PM Faces Backlash Over £50bn Brexit Bill After A Breakthrough In Talks

PM Faces Backlash Over £50bn Brexit Bill After A Breakthrough In Talks

Theresa May is facing the threat of a Brexit backlash after an apparent breakthrough in talks in Brussels which could see the UK paying a “divorce bill” of as much as £50 billion.

Officials close to the negotiations were reported as saying there was broad agreement on a framework for the UK to settle liabilities expected to total around 45-55 billion euros (£40-£49bn).

If confirmed, the move could clear the way for the Prime Minister to finally achieve her goal of moving Brexit negotiations on to the issue of trade – though differences with Dublin over the status of the border in Ireland could still block progress at the European Council summit on December 14-15.

The reported deal was denounced by former Ukip leader Nigel Farage as a “sellout”.

“I have always argued that no deal is better than a bad deal,” he said. “Make no mistake about it – 55 billion euros to leave the EU is a very, very bad deal.”

A recent poll suggested that as few as 11% of voters would regard a “divorce bill” of £30 billion or more as acceptable. And former Cabinet minister Priti Patel said on Monday that the EU should have been told to “sod off with their excessive financial demands”.

But it is unlikely that either the EU or UK will ever put a final figure on the settlement, which covers a complex array of liabilities including funding for projects to which Britain signed up as an EU member, loans which have not yet been repaid, and pensions for European Commission civil servants.

Unofficial calculations have put the gross figure at around 100 billion euros, but deductions for items such as the UK rebate and Britain’s share of the European Investment Bank could reduce the net sum to about half that.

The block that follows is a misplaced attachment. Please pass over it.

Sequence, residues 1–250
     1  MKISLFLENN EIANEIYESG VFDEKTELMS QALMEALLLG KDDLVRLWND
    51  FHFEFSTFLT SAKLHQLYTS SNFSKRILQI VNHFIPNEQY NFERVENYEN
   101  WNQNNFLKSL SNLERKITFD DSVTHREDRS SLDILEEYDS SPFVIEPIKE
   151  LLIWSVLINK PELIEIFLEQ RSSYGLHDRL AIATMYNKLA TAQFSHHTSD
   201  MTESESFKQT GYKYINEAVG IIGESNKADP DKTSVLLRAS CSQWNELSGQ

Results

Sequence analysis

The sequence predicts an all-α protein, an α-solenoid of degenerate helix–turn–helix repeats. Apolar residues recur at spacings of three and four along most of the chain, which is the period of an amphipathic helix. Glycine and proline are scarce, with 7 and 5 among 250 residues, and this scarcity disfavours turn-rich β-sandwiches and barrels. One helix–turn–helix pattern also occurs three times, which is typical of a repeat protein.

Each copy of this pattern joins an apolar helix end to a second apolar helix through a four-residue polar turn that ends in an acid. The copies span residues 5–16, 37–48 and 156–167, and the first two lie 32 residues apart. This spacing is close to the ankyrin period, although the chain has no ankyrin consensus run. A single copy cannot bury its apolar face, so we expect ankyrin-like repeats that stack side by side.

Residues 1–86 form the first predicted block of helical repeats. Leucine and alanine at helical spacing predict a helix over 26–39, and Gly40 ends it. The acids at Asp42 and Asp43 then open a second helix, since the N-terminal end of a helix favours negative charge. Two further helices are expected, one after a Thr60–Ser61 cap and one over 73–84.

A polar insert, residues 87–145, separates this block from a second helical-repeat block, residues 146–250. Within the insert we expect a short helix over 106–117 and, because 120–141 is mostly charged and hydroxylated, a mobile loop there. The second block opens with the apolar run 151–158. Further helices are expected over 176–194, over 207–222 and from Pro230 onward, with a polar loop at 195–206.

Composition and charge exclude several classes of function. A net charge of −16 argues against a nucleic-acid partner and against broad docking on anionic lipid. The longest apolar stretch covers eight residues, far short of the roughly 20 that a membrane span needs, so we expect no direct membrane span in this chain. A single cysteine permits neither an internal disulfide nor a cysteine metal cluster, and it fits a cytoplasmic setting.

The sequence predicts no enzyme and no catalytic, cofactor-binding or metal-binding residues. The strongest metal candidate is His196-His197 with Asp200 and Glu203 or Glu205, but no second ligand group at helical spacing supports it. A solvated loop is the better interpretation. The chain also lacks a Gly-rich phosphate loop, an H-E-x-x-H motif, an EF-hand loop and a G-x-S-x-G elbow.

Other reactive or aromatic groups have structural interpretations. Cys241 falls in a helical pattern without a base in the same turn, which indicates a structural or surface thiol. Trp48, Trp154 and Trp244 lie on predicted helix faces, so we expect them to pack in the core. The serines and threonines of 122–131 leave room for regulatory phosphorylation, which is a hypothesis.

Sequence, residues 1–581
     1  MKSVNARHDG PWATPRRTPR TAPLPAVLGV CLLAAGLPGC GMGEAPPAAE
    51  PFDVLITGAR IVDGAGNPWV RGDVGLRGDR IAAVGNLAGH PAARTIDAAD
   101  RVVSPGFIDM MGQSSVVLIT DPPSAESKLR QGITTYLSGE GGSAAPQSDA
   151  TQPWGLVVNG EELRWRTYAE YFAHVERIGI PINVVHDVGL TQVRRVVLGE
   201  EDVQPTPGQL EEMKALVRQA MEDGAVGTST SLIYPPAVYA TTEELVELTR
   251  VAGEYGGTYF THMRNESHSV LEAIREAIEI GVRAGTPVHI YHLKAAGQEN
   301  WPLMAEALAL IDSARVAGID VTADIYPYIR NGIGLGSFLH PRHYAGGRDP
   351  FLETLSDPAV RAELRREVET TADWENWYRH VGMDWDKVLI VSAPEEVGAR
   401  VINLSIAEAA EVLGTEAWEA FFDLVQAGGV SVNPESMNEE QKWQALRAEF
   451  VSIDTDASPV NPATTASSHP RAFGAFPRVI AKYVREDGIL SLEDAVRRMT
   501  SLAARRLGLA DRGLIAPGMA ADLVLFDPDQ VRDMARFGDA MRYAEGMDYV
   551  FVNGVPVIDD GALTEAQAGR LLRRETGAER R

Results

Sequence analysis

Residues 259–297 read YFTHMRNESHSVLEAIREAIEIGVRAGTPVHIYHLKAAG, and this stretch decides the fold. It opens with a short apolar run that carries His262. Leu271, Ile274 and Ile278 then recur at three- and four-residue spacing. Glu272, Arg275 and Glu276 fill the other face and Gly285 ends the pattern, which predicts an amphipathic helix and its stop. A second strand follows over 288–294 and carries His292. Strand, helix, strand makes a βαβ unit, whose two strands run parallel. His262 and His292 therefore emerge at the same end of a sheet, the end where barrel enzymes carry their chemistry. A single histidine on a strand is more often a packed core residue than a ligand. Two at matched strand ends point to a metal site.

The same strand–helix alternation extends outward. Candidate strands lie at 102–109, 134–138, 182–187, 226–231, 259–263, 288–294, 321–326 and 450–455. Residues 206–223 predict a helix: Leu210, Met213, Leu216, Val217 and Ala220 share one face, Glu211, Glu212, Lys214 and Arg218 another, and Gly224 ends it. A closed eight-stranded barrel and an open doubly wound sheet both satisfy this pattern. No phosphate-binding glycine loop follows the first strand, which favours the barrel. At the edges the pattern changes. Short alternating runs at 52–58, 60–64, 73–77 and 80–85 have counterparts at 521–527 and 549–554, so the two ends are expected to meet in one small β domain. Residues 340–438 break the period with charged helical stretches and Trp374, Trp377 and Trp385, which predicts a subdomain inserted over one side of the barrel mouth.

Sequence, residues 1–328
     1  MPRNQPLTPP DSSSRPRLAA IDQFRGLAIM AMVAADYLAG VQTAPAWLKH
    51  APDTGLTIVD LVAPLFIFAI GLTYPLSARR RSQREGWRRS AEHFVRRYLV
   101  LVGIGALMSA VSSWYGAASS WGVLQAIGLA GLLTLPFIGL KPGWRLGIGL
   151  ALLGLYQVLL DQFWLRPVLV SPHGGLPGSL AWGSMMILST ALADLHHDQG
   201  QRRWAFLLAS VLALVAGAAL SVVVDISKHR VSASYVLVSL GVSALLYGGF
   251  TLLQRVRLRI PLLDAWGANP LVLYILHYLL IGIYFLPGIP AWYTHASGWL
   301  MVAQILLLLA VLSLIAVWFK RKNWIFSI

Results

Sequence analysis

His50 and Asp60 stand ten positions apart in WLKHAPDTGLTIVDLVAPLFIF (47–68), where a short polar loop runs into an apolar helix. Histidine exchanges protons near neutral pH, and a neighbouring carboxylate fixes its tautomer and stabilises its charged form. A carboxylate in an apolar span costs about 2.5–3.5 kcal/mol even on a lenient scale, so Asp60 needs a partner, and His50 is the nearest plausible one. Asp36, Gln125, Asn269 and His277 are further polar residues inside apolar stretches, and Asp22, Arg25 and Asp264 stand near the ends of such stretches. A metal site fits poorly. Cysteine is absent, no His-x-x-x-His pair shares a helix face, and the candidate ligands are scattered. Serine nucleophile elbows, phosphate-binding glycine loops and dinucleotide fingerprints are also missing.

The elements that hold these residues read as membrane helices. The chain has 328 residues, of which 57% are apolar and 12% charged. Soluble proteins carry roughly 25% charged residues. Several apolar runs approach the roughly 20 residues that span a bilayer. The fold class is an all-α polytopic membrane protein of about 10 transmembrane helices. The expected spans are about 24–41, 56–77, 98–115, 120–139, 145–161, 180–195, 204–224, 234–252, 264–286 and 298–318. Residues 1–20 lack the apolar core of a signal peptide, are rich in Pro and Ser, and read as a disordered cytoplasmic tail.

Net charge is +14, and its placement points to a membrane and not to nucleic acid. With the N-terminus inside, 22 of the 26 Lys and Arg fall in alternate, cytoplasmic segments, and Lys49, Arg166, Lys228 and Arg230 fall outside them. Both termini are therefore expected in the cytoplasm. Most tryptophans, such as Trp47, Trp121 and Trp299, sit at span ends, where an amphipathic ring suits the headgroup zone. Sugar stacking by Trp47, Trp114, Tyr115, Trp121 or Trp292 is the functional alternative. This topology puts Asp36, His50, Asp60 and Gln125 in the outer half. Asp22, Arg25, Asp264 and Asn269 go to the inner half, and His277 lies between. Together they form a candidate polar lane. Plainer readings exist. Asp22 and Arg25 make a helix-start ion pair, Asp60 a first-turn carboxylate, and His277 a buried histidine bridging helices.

Payments would be made over many years as liabilities fall due, so the final total may not be known for decades.

Asked about reports of agreement on the financial settlement, a British Government source told the Press Association: “I don’t recognise it at all. There are ongoing discussions in Brussels this week.”

A spokesman for the EU’s chief Brexit negotiator Michel Barnier said: “We would not have any comment on it.”

But the BBC reported that officials on both sides of the talks were now discussing whether a paper can be prepared by next Monday, setting out formally what has been agreed so far, as a way of “parking” the divorce issues to allow negotiations to begin on trade and the transition to the future relationship.

Mrs May is due to meet European Commission president Jean-Claude Juncker on Monday for make-or-break talks which could determine whether Mr Barnier is able to declare that sufficient progress has been made to move the talks on to their second phase.

Theresa May will meet European Commission president Jean-Claude Juncker on Monday (John Stillwell/PA)

A recommendation from the French diplomat would spark intensive discussions in EU capitals over the 10 days before the European Council summit, at which any of the 27 remaining member states could wield a veto.

Downing Street declined to comment on an ITV report that the Cabinet agreed on Tuesday to a three-point package to secure a divorce deal. Two of the reported points – a pledge to keep the Irish border open and approval for a financial settlement topping £40 billion – were little different from what had previously been revealed.

But a supposed proposal to resolve concerns over the future rights of EU citizens living in the UK, by permitting the Supreme Court to refer issues up to the European Court of Justice where it felt unqualified to adjudicate, would be likely to prove more contentious. One senior Whitehall source dismissed as “nonsense” reports that this had been agreed by Cabinet.

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